These pictures are cut entirely freehand: literally drawn with a knife. This unique art is a radical departure from the conventions of traditional folk art. As far as is known, there is nobody else working in this medium who goes beyond flat decorative design, who works strictly freehand, and who executes large, formally complex pieces.
The process is subtle and the results dramatic. Ross translates what he sees into black or white shapes, and cuts each white shape by memory into the black paper. Although the work is entirely improvisational, the slow, steady discipline and visual finesse create finished compositions of remarkable coherence.
Kenneth Baker, prize-winning art critic of the San Francisco Chronicle, wrote about Ross’s work:
"....improvisation seems to be a kind of artistic principle with him. This is dramatically apparent in several freehand-cut paper pieces that are essentially drawings done with an X-acto knife.
"Cutting his images from a sheet of black paper, Ross avoids simple silhouettes in favor of an interplay of figure and ground so complex you cannot imagine him envisioning it in advance of executing it. Nor can you believe, in view of the images’ intricacy, that Ross has maintained the contiguity of the initial uncut sheet in turning it into a kind of doily-like stencil. Yet I could find no point at which he took a shortcut: each image is an unbroken web of perforated paper. The visual effect of the images is something like that of a linocut, but when you realize what you’re seeing, the show of dexterity in each piece makes it crackle with an energy that no planographic process can yield.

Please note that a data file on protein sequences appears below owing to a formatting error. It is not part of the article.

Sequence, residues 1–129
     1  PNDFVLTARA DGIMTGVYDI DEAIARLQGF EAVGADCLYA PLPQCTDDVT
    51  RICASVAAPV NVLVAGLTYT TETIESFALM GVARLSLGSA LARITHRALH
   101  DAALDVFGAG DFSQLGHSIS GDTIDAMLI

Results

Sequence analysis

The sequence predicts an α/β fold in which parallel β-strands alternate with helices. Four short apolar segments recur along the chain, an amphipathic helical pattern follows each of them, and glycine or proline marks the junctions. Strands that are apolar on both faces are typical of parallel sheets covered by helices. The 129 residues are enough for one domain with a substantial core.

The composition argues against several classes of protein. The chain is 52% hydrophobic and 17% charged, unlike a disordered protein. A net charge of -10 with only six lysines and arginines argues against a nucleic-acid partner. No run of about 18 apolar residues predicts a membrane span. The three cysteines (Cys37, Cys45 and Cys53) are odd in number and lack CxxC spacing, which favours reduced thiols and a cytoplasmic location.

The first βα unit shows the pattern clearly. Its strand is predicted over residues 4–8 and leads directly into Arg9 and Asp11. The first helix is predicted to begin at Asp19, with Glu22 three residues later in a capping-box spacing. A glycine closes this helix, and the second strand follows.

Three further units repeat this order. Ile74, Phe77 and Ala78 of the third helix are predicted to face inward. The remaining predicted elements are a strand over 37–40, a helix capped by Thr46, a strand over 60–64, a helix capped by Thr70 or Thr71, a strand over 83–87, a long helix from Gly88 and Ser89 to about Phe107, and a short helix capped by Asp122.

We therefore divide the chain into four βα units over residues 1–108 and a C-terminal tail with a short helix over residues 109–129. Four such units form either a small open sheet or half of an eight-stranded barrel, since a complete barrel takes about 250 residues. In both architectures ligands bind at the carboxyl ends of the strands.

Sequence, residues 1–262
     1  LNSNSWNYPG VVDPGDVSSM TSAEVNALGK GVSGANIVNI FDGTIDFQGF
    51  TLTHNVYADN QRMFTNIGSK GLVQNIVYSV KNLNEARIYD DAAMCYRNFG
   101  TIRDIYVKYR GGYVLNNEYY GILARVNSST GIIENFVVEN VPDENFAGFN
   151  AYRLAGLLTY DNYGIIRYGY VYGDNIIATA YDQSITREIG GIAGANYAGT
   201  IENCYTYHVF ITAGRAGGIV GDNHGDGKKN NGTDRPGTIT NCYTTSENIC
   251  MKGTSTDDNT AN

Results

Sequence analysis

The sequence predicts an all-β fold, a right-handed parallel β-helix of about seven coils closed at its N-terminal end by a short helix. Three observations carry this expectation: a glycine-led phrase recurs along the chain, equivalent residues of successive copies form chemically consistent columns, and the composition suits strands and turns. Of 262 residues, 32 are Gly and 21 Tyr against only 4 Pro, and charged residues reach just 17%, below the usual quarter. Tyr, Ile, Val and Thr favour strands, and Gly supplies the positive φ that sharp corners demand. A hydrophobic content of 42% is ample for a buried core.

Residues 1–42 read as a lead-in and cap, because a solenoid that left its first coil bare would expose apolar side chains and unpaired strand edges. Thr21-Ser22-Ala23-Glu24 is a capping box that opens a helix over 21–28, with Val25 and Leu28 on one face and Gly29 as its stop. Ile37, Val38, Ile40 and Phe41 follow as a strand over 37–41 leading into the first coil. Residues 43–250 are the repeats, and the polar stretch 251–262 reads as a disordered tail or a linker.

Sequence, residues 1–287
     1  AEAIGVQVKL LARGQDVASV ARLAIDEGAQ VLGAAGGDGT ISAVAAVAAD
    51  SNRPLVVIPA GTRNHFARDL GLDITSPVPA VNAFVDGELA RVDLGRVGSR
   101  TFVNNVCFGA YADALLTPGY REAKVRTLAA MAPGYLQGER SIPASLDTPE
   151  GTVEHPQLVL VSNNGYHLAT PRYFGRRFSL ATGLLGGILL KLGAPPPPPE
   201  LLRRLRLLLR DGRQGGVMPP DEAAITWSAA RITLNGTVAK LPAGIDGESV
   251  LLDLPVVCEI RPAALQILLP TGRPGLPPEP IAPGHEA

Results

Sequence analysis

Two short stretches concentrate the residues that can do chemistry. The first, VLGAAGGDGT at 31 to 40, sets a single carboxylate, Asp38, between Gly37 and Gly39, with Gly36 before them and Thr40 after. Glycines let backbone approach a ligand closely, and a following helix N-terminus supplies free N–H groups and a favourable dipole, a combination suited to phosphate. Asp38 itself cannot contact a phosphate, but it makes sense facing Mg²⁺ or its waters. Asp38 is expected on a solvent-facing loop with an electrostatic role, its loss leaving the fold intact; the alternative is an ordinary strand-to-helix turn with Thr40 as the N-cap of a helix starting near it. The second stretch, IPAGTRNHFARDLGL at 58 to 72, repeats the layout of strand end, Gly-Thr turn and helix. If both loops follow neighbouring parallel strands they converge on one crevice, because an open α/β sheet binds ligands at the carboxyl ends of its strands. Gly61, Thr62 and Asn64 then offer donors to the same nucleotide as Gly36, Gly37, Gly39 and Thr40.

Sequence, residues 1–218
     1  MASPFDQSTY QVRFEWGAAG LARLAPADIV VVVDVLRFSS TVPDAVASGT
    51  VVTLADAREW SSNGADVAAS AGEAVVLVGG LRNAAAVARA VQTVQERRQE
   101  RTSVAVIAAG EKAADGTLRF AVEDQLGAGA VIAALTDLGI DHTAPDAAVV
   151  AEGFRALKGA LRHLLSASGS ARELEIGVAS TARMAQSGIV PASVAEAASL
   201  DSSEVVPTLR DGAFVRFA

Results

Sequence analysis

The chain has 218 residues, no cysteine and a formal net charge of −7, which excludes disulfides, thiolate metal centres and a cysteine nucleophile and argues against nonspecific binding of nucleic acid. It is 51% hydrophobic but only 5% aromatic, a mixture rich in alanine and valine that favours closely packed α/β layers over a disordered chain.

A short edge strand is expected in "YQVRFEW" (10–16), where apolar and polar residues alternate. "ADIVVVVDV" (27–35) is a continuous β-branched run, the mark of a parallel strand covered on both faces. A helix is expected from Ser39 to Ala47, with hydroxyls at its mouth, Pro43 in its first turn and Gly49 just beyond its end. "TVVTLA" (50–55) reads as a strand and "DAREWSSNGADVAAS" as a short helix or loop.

"As 'Luba’s Floral II' shows, Ross makes no sacrifice of decorative grace to technical convenience. This view of a plant in a vase has all the vitality of Matisse’s late drawings in brush and ink, no mean feat."
Two of the original freehand papercuts have been reproduced as lasercuts. LUBA'S FLORAL and SPIDER MUMS have been issued as limited edition lasercuts. These outstanding reproductions are not 'printed' on white paper. The laser technology uses a brass template which replicates the original artwork; the template is placed over black paper and a beam of pure, condensed light is scanned across it, vaporizing the black paper exposed beneath and recreating the hand-cut shapes with pinpoint accuracy. To further refine the process, Ross makes 25 to l00 hand cuts on each piece. Each of the two laser pieces has been issued in an edition of 100 copies only.